Anatopsis: Chris Abouzeid
Free Baseball: Sue Corbett

Finding Lubchenko: Michael Simmons

Finding Lubchenko by Michael Simmons is a recent young adult novel (Razorbill, 2005). I personally think that it should be sub-titled "Ferris Bueller Goes to Paris." The main character, Evan, is a smart-aleck troublemaker who lures his nerdy best friend, Ruben, into trouble. Ruben and Evan end up skipping town to go to Paris for a week, accompanied by the lovely Erika, where they have many adventures. Ruben and Evan's backgrounds are backwards from Ferris and Cameron's (from the movie Ferris Bueller's Day Off). Evan has the difficult, strict father who yells all the time, while Ruben has the liberal, lenient parents who don't notice what's going on right in front of their eyes. However, reading the dialog between Evan and Ruben, as Evan basically bullies Ruben into getting into dangerous situations, made me think of Ferris Bueller over and over again.

Finding Lubchenko is actually a mystery/thriller. Sixteen-year-old Evan is called to the principals's office one day to hear the news that his wealthy father has been arrested for murder. The fact that his straight-laced, Lutheran father could have actually committed the murder is never a serious possibility. However, Evan's own shady activities (stealing from his father's biotech firm) put him in a difficult bind. He has the evidence to free his father, but to share this evidence with the FBI will surely get Evan and Ruben into deep trouble. Evan decides instead to find evidence regarding who really committed the murder. This requires a trip to Paris (charged to Dad's credit card), and a somewhat dangerous investigation following the path of a real killer.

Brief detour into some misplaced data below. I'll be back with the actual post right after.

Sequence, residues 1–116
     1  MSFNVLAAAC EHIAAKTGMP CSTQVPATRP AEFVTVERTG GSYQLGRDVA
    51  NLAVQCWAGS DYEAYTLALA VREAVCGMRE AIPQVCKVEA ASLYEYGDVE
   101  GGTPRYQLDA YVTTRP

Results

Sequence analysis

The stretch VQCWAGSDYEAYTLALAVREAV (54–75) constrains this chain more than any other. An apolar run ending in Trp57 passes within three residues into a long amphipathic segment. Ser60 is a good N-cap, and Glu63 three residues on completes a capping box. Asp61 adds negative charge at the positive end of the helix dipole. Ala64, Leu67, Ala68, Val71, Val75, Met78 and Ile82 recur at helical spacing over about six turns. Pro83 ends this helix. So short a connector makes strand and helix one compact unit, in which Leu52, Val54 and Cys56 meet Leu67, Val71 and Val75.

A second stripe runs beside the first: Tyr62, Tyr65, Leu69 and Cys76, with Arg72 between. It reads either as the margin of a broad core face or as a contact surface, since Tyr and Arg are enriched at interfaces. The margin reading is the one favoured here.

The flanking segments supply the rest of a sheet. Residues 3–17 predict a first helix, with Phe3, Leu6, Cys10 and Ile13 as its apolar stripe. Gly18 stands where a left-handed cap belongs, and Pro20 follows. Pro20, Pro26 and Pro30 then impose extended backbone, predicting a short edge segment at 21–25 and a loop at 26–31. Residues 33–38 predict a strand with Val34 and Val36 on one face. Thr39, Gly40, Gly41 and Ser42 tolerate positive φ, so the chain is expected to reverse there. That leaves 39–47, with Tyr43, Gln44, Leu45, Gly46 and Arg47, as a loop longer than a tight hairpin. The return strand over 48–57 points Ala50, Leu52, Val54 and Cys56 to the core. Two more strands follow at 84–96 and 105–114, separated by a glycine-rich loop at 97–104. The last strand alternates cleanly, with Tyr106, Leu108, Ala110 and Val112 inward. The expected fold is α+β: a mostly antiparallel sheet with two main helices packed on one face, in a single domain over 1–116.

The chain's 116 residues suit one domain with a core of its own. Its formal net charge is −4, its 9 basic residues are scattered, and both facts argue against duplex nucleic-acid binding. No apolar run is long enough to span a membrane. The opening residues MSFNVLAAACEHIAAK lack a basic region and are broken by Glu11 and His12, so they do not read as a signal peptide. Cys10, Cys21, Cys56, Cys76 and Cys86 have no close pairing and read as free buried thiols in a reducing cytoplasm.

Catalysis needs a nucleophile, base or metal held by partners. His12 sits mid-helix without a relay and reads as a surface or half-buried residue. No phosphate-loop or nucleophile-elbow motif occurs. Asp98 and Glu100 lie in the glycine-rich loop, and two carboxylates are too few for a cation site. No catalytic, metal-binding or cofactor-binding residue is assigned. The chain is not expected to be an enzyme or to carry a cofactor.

Despite the presence of a murderer, and the extremely dysfunctional relationship between Evan and his Dad, this is a relatively light novel. Evan's voice, expressed in first person, is entertaining and smart-alecky. The book is peppered with brief tangents illustrating Evan's relationship with his Dad, Evan's unrequited love of Erika, Evan's insecurities, and the teen night life in Paris. Most of these asides contribute to the development of Evan's character, and particularly illustrate his relationship with his widowed father.

I found Finding Lubchenko to be a fast-paced, enjoyable adventure, with an engaging teen voice. I will keep my eyes open for other books by Michael Simmons.

© 2009 by Jennifer Robinson of Jen Robinson's Book Page. All rights reserved.